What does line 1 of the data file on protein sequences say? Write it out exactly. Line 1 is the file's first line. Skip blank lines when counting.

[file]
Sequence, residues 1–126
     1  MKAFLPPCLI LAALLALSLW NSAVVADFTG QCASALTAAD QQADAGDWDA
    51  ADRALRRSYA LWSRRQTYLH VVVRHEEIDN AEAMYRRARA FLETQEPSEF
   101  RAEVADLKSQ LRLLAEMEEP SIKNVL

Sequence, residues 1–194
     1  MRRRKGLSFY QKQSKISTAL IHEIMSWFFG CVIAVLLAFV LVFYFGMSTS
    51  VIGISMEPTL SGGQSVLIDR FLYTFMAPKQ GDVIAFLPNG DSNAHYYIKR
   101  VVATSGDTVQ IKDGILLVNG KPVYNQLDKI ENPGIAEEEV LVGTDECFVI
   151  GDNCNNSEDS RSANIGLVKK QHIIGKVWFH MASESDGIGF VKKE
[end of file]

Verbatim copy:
Sequence, residues 1–126